All in all, it was an incredibly dehumanizing and lonely experience to be treated as a leper, because the society was so terrified of even the possibility of this disease.
And so it’s not hard to imagine that the lepers, or those so diagnosed by society, were used to that, to some extent. After months, years of being avoided by everyone they knew, they might have grown used to it, or thought that since that was the way society operated, that was the way it always was, and always would be.
Being oppressed, being cast out like that, does something to a person. It wears on your spirit–when the voice of society questions your worth, your value at every turn.
All of which is to say–when the one ex-leper returns and approaches Jesus–that’s a surprising moment. Not only is he a Samaritan, so he’s crossing some religious lines here, but he’s going against everything society had been telling him he was meant to do. Don’t talk to people, don’t go near them, certainly don’t touch them. He does that in one moment of gratitude.
And Jesus marvels. And notice that in Jesus’ comment about gratitude, and where the other healed lepers are, he doesn’t take back the miracle. God’s healing grace, it turns out, doesn’t depend on our being grateful enough for it, or praying hard enough, or some imaginary yardstick. God is gracious because God is gracious.
Jesus marvels, and Jesus comments on the man’s faith. Your faith has made you well.
Because, Somehow, through the grace and power of God, this man has held on to his belief in his essential humanity. He held on to a faith in the idea that no matter what the voices around him said, God loved him, and God created him in God’s image and nothing could destroy that– no isolation or fear or disease. So when Jesus restored him to health and to community, he didn’t run away. In faith, in a way, he had been there all along.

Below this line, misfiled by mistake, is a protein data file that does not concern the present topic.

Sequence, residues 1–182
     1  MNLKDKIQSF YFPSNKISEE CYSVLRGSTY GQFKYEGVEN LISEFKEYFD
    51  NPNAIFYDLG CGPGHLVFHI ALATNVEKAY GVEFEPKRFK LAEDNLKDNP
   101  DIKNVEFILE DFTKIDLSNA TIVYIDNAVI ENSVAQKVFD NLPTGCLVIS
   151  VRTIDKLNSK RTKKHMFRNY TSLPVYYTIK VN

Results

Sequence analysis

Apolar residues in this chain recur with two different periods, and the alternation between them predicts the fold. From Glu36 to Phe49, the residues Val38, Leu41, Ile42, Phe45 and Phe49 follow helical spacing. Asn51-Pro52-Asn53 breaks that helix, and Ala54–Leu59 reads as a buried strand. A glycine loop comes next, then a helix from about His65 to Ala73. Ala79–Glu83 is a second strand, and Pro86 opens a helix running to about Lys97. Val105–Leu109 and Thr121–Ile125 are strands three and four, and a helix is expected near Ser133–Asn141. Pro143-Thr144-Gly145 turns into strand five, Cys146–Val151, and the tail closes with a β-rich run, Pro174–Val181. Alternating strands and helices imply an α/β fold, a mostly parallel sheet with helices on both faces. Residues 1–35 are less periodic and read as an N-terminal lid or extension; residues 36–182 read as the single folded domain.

For all of us, there are constant voices telling us that we aren’t what we are supposed to be. Advertisers who would like to sell us something. Politicians who would like us to vote for something. In our society, we are constantly being told that we aren’t quite what we should be: we should all be richer, thinner, paler, (or tanner, as the case may be), younger or older, depending, we should be healthier. We should have more stuff. We should care about different things than we do. And we should all certainly be cooler than we are. And then, we will be perfect–ever more perfect each year.
It’s a constant Greek chorus of doom, that warns that the consequence of not being so perfect means that we will end up alone.
So this preys on what we know, what we were told at our baptism, and what we reiterate each week here: we are made in the image and likeness of God. We are loved by God, and nothing changes that. No sickness, no fear, nothing the world derides as imperfect separates us from the love of God, or his image in us.
It is that faith that carries us through and empowers us to recognize the image of God in other people. It is a faith that opens us up to see the grace of God bringing healing to our lives and our community. And it is this faith in the image of a God in us that lets us act as agents of that grace in the world.
Because the world has enough voices counting the ways we aren’t good enough. It really doesn’t need any more. What the world needs are people who believe in the love of God for each person. The unshakeable, un breakable love of God imprinted on each human heart that will not quit, no matter what.
And when we rely on our faith in that, when we carry our faith in a God of that kind of love, out into the world, that is the sort of faith that brings miracles.